Nutella Maker Fights Back Against Cancer-Causing Claims

PHOTO: Jars of Nutella are displayed on a shelf at a market in this Aug. 18, 2014 file photo in San Francisco.PlayJustin Sullivan/Getty Images
WATCH Nutella Maker Fighting Back Over Report Ingredient May Cause Cancer

The maker of Nutella is fighting back against a finding by food safety officials in Europe that palm oil used in Nutella's chocolate-hazelnut spread could pose a potential cancer risk.

"Ferrero wants to assure its consumers that Nutella and other Ferrero products that contain palm oil are safe," Ferrero, the Italian company behind Nutella, told ABC News in a statement Thursday.

Ferrero has been defending its popular Nutella product since a report from the European Food Safety Authority (EFSA) indicated palm oil can create carcinogens when processed at temperatures above 393 degrees, as is the case with Nutella.

The company described to ABC News the steps it says it takes to lessen any potential risks from processed palm oil.

"When palm oil, produced and processed to minimalize the presence of these contaminants, is refined correctly, it contains a lower level of contaminants than other vegetable oils that have been treated at excessive temperatures," the statement read. "This case applies to the palm oil used by Ferrero, who for years has been able to significantly reduce the levels of contaminants in its palm oil compared to conventional palm oils available on the market, similar to the levels found in other vegetable oils that have been processed properly, in line with EFSA's parameters.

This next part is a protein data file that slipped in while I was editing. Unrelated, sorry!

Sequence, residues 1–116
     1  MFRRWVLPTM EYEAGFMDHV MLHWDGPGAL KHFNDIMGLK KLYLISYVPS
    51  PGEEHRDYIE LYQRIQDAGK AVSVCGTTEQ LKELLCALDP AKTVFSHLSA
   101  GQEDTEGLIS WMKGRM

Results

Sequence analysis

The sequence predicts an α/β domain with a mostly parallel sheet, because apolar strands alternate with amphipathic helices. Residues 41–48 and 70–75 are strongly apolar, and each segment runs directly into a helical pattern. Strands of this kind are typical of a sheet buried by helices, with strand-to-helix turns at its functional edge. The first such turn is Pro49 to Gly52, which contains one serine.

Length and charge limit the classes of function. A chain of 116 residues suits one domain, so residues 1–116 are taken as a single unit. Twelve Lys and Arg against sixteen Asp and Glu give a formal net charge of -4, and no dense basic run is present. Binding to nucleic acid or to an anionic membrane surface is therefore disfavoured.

"This is due to careful harvesting, from the squeezing in the quickest possible time to the processes and manufacturing at the lowest possible temperatures," the statement continued. "We manage all technological-productive factors with the aim to reduce the duration and the temperatures of the processes, thus minimizing the risks of possibly developing or increasing 2MCPD, 3MCPD or GE. Furthermore, our Quality Assurance and Process Control Systems allow us to constantly monitor such factors and guarantee the food safety of our products to the consumer."

The EFSA report, first released in May, said that more study is needed on the risk of palm oil processed at high degrees.

The company released a commercial in Italy late last year to assure customers the product is safe.

Palm oil is found in a variety of processed foods, from margarine to instant noodles and whipped topping, according to Dr. Richard Besser, ABC News chief health and medical editor.

"If you have a diverse diet, you're not going to be taking in too much of [palm oil]," Besser said today on "Good Morning America."

The current research on a possible connection between palm oil and cancer has been conducted only on animals, according to Besser.

"There have been no studies to show a palm oil connection to cancer in humans," he said.

Officials from The U.S. Food and Drug Administration (FDA) told Besser they are monitoring research on the effects of palm oil in processed foods.

"I talked to the FDA yesterday, they said they're aware of these studies but from their perspective palm oil is safe to be used in foods," Besser said. "They'll continue to look at the evidence.

When it comes to eating Nutella, Besser advised treating it as an occasional food due to its higher sugar content.

"It should not be an everyday food," Besser said. "It is not a breakfast food."

ABC News' Anastasia E. Williams contributed to this report.